Susan D. Crissey1, PhD; Kerri A. Slifka1, MS; Susan Bunn Spencer
Most captive fish eating animals are fed frozen, thawed fish that are received in bulk and stored for a
period of time before being prepared by cutting prior to feeding. Given the perishable nature of fish, appropriate handling is
crucial to minimize nutrient loss and bacterial load. Fish should be supplied from fisheries that have caught, processed and stored
the fish as if it were intended for human use. Guaranteeing that the supplier utilizes a Hazard Analysis and Critical Control Point
(HACCP) program can help ensure that fish supplies have been handled appropriately prior to receipt.4,5 Every lot of
fish should be inspected before paperwork is signed and the load is officially received. Once accepted, fish should be placed
immediately in the institution's storage facility. It is recommended that fish stored for prolonged periods should be in a freezer
maintained at -23°C or lower. Fish should be thawed under refrigeration, never at room temperature and kept refrigerated until
fed to the animals.3 Equipment used for holding, thawing or preparing fish must be cleaned and sanitized
daily.3 In order to ensure that conditions are appropriate and methods for storage and handling fish are proper,
validation of conditions and procedures is necessary. Fish can be sampled for microbial buildup of a number of specific organisms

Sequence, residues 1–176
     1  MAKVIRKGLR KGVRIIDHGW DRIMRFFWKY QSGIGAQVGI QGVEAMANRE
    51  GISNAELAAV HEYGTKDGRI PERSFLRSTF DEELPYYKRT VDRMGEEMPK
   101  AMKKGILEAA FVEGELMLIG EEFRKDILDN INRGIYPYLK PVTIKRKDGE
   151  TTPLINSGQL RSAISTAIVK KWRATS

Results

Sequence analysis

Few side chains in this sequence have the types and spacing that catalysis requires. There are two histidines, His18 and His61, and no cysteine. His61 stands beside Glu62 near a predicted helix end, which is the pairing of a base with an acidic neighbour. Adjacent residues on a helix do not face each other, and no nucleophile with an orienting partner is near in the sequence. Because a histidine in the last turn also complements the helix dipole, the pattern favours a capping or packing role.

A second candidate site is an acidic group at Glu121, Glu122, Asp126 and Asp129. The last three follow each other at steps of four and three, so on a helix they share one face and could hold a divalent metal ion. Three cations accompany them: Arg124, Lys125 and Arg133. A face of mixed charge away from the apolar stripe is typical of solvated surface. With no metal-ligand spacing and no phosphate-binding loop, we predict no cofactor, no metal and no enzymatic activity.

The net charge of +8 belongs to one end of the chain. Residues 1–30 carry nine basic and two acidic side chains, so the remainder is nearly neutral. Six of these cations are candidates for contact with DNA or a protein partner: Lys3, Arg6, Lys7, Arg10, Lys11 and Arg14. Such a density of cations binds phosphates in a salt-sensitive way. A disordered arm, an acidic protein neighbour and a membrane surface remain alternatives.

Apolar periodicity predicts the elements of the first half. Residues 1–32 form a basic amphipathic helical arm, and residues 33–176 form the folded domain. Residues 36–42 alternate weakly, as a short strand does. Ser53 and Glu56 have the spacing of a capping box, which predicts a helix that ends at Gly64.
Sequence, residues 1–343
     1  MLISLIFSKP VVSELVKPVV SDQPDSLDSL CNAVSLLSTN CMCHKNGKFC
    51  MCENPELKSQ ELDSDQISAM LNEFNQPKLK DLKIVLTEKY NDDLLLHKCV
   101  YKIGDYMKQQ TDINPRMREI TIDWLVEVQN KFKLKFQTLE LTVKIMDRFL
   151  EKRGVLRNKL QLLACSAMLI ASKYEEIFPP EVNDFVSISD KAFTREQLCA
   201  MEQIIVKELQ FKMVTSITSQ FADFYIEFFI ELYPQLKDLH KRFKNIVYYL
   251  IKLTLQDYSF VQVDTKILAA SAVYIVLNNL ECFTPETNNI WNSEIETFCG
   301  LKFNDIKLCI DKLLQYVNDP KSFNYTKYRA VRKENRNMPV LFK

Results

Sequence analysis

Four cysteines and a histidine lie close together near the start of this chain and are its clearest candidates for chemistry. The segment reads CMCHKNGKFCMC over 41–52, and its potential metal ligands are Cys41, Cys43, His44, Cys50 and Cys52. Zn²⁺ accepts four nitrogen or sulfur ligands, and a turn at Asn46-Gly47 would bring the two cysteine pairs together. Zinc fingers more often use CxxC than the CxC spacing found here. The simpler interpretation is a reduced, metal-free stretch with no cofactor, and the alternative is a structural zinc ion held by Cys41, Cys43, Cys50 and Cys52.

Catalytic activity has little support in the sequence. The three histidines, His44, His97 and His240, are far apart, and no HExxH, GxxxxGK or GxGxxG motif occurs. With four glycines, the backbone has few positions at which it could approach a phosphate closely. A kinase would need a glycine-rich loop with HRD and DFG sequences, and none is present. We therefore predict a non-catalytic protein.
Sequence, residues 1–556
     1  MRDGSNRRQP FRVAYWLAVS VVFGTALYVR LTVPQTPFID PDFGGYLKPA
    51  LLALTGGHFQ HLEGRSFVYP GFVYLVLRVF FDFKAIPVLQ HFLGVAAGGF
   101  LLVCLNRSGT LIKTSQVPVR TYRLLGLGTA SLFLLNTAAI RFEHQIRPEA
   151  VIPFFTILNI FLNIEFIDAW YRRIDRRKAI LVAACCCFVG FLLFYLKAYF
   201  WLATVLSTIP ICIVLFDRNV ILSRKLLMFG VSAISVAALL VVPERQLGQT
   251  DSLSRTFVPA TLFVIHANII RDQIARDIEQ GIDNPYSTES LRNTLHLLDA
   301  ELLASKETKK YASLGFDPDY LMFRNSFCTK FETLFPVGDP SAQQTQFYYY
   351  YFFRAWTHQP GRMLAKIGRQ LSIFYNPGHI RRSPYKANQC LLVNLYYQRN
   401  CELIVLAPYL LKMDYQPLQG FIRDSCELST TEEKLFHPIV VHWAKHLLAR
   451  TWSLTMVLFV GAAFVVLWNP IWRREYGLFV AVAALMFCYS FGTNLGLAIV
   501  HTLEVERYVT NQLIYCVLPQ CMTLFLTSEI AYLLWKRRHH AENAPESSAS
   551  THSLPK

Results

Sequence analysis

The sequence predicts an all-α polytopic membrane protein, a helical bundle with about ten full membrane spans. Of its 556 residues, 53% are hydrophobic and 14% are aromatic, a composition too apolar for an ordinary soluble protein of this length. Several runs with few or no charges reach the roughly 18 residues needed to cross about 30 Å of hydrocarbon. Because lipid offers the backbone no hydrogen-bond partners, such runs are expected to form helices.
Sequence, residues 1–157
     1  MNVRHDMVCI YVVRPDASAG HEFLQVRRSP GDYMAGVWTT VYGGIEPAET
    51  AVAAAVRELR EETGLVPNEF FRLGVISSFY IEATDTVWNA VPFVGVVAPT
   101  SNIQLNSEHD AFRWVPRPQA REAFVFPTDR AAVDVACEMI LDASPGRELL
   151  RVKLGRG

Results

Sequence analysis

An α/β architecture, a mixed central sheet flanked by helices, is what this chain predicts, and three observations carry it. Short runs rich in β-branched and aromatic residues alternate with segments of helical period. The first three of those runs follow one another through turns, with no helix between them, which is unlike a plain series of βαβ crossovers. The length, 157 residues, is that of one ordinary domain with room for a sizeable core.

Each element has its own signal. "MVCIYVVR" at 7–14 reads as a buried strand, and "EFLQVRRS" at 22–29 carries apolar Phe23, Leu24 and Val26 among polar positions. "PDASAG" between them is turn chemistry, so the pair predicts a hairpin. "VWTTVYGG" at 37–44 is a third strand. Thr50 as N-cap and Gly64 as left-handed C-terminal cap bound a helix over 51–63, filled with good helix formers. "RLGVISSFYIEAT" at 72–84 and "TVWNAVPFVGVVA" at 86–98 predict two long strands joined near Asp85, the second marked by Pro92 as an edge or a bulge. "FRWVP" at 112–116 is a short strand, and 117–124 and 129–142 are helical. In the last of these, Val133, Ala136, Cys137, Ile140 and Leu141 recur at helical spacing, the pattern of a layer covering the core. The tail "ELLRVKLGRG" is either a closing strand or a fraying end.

at various stages of thawing and handling.1 Fish should also be sampled for nutrients, toxins and heavy metals. A
pamphlet is available that details these standard operating procedures.2
1. Crissey SD, ME Allen, DJ Baer.1987. Food Handling and Commissary Procedures. In:T.P. Meehan and
M.E. Allen, eds., Proceedings of the 6th and 7th Dr. Scholl Conferences on the Nutrition of Captive Wild Animals, Chicago,
December 1987, Pp. 119-123. Lincoln Park Zoo, Chicago.
2. Crissey SD. 1998. Handling Fish Fed to Fish-Eating Animals: A Manual of Standard Operating
Procedures. United States Department of Agriculture (USDA), Agriculture Research Service, National Agricultural Library, Animal
and Plant Health Inspection Service (APHIS), Beltsville,MD.[Online].Available: http://www.nal.usda.gov/awic/pubs/fshhndl.htm.
3. United States Department of Agriculture [USDA]. 1999. Title 9 Code of Federal Regulations,
Animals and Animal Products, Part 3--Standards, Subpart E, '3.105 & '3.107, Animal and Plant Health Inspection Service,
4. United States Department of Agriculture [USDA] Food Safety and Inspection Service. 1996. The
Final Rule on Pathogen Reduction and Hazard Analysis and Critical Control Point (HACCP) Systems. [Online]. Available: http://www.fsis.usda.gov/oa/background/finalrul.htm (21 March 2000).